A former Nazi concentration camp guard was convicted of being an accessory to thousands of murders during the Holocaust and sentenced to two years in prison Thursday by a juvenile court in Hamburg, Germany.
The 93-year-old man was identified as Bruno Dey and had been charged with aiding and abetting in the murder of at least 5,232 people, CNN reported. He faced a juvenile court because he was only 17 years old when he became a concentration camp guard.
Dey was reported to have been stationed as an SS officer between August 1944 and April 1945 at the Stutthof concentration camp located in the then-German city of Danzig, currently the Polish city of Gdansk, according to BBC News.
As many as 100,000 people were deported to Stutthof and an estimated 60,000 people were killed in the concentration camp, according to the U.S. Holocaust Memorial Museum. It was also the first concentration camp to be built outside of Germany’s borders and was liberated by the Soviet army May 9, 1945.
Prosecutors indicted Dey in April 2019 during the trial of John Demjanjuk, a former SS guard stationed at the Sobibor extermination camp. Dey was alleged to have knowingly supported the “insidious and cruel killing” at Stutthof, CNN reported.
The trial began in October 2019 and Dey’s defense team has since claimed that he was a relatively unimportant figure in the camp and not directly involved in the thousands of deaths, according to BBC News. Dey reportedly said in his final statement before sentencing that he was “shaken” by witness accounts and was not aware of the “extent of the atrocities.”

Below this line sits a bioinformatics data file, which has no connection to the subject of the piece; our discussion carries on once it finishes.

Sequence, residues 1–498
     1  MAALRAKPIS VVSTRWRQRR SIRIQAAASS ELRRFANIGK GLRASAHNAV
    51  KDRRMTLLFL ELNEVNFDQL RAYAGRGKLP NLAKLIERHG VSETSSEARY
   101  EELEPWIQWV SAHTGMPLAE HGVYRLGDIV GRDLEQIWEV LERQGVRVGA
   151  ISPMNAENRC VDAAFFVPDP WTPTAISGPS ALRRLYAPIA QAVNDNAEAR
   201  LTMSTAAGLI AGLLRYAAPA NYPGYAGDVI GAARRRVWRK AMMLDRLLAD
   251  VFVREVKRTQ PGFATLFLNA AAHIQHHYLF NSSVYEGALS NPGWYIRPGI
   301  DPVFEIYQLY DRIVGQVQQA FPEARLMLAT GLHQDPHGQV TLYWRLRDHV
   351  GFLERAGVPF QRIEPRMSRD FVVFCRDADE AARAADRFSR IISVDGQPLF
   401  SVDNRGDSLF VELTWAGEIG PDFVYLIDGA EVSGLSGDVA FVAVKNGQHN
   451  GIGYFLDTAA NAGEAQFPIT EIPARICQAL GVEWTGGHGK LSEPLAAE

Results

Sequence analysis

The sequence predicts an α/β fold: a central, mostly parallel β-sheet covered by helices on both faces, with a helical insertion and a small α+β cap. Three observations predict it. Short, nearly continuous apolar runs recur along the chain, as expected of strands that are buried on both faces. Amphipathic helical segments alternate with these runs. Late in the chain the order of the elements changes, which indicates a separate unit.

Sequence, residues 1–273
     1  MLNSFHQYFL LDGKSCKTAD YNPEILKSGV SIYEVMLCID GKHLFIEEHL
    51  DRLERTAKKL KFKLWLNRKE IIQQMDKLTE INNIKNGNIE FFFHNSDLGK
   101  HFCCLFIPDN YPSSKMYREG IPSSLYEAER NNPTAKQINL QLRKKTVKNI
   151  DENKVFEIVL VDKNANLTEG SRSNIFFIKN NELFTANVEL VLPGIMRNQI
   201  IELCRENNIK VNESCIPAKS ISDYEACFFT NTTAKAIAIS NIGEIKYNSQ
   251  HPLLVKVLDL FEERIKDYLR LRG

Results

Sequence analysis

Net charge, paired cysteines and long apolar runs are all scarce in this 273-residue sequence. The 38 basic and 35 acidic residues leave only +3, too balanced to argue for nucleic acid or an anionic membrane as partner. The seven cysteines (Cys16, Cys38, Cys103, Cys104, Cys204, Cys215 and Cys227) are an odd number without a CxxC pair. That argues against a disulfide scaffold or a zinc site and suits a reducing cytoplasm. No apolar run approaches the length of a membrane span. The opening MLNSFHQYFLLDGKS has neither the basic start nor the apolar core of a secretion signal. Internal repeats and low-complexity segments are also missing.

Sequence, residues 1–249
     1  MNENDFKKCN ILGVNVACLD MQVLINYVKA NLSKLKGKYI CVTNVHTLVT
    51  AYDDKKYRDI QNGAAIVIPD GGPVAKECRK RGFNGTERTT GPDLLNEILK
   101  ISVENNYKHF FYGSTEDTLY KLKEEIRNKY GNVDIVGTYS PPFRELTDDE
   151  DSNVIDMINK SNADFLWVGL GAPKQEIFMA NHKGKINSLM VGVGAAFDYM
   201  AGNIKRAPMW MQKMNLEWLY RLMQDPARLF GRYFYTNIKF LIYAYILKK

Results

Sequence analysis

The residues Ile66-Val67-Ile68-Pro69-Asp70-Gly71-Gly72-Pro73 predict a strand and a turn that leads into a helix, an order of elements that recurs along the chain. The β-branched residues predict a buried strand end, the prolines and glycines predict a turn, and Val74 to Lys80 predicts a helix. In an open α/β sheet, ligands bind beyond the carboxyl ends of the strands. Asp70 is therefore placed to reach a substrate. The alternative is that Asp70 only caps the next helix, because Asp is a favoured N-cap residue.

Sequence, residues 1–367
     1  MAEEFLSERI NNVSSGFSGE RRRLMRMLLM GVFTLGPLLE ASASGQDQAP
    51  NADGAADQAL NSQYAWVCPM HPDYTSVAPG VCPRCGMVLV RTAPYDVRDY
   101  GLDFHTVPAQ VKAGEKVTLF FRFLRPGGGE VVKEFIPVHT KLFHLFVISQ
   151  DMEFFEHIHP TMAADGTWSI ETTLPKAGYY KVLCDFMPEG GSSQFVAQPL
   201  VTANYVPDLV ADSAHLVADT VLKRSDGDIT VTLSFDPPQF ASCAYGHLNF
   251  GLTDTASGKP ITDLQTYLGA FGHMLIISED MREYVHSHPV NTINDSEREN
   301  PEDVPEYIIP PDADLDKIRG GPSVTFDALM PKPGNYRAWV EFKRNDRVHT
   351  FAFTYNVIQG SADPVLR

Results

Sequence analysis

Co-plaintiff Ben Cohen told CNN in a statement that Dey’s sentencing was an act of “symbolic justice.” Cohen’s grandmother Judy Meisel was imprisoned in Stutthof and was one of roughly 40 people from around the world to testify in court during the trial.
“On behalf of my grandmother and our family this verdict sends a powerful message that a guard in any camp cannot deny responsibility for what happened,” Cohen wrote in the statement. (RELATED: Poland Seeks Restitution For Nazi Occupation — The Numbers Are Staggering)
The case is expected to be one of the last instances of a former Nazi being put on trial given that World War II ended 75 years ago and the number of survivors and perpetrators has greatly diminished, according to BBC News.